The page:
By Dave Crumbley

The treasure is located 20,000 leagues under the baseball sea. Leather bound and seaweed smothered, the tome’s pages lay out the blue print for guaranteed small-market success. Spurned by superstar free agents commanding colossal sums, the farm system warms the hearts of “real” fans more than anything, for they are the lifeblood which sustains hope during the lean times. And make no mistake, the times are often lean.

Prospects are to be coveted and hoarded. Why would you trade a golden ticket? Veterans are covered in warts. They command high salaries and are often divas. 35 year old first baseman aren’t keen on moving to shortstop on a whim. Dudes demand playing time. Oldsters are in it for their own self-glorification, not the glory of the team. If they weren’t, why wouldn’t they bench themselves, knowing they have a perennial all-star behind them? Small-market fans shun immediate gratification as they are in it for the long haul. The current crop of kids in AA will lead the division push of the 2016. That’s the window, don’t prop up that ladder quite yet.

The Milwaukee Brewers cheated. They traded highly coveted prospects for high dollar head case Zack Greinke. They jettisoned additional prospects to acquire Shaun Marcum. The 2011 Milwaukee Brewers had gone all-in, and it didn’t even matter. The Reds had Travis Wood, Homer Bailey, and Mike Leake, a three headed monster of talented pitchers drafted and developed by the Reds. Edinson Volquez, an acquisition by previous General Manager Wayne Krivsky, was straight up filthy and a full season plus out of Tommy John surgery. Coming to the team prior to the 2008 season in exchange for superstar Josh Hamilton, it was a responsible, grown up move. Home runs are exciting, and the team needed pitching. In 2011, they finally have it.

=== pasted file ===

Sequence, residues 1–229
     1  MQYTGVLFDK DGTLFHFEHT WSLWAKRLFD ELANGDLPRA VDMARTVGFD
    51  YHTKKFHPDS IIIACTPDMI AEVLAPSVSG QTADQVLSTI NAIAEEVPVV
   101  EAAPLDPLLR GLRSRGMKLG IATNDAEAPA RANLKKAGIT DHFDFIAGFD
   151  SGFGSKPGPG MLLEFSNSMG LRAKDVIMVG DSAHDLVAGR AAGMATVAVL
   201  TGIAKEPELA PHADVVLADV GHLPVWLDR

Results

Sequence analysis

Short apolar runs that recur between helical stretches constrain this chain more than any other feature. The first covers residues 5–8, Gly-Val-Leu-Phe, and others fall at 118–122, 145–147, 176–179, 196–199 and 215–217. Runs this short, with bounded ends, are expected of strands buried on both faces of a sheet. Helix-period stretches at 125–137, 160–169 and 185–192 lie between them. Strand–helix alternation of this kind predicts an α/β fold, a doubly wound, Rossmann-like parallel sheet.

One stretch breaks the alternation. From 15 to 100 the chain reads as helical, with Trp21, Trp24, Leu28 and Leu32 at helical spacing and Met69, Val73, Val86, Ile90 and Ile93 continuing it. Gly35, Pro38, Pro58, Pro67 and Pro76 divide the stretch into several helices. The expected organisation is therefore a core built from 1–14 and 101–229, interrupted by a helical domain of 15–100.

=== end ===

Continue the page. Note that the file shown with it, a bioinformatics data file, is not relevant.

In Louisville. 

After a successful rookie campaign, and grueling sixteen Major League starts in 2011, Wood has spent the last two months in AAA as the picture of mediocrity. Volquez has dominated his minor league competition, but struggled when recalled by the Reds and quickly thrown back on a bus to Kentucky. Homer Bailey has a 5.02 ERA and 1.483 WHIP over the course of sixty-nine career starts spanning five seasons. He’s “still young”, of course. So nothing to worry about there. Mike Leake overcame an early season bout with petty larceny and ineffectiveness to claw his way back to Cincinnati and has had a successful year.

With each losing series, the real fans mobilized their defenses. It was randomness, the numbers are on their side. Look at the run differential for crying out loud. No need to panic, the division crown is ours. A trade of our young talent wasn’t just unnecessary, it would be taken as a sign of malice. 

Sometimes it feels like names such as Todd Frazier and Chris Valaika have been kicking around Cincinnati organizational depth charts since I was in high school. Slugging 1B Yonder Alonso was recently promoted, ostensibly for the sole reason of proving that their attempt to convert him to left field had been nothing less than an abject failure. A disastrous weekend on Chicago’s south side was enough for Dusty Baker: He was done as a left fielder

Stuck behind Joey Votto, the reigning MVP, Alonso is now dividing his time between pinch hitting and doing defensive drills at third base. He’ll be twenty-five next April. Another golden ticket hoarded, rotting in a dark basement under a pile of boxes from LaRosa’s Pizza and boxes of binders filled with Kroger coupons. 2016 never looked so good.

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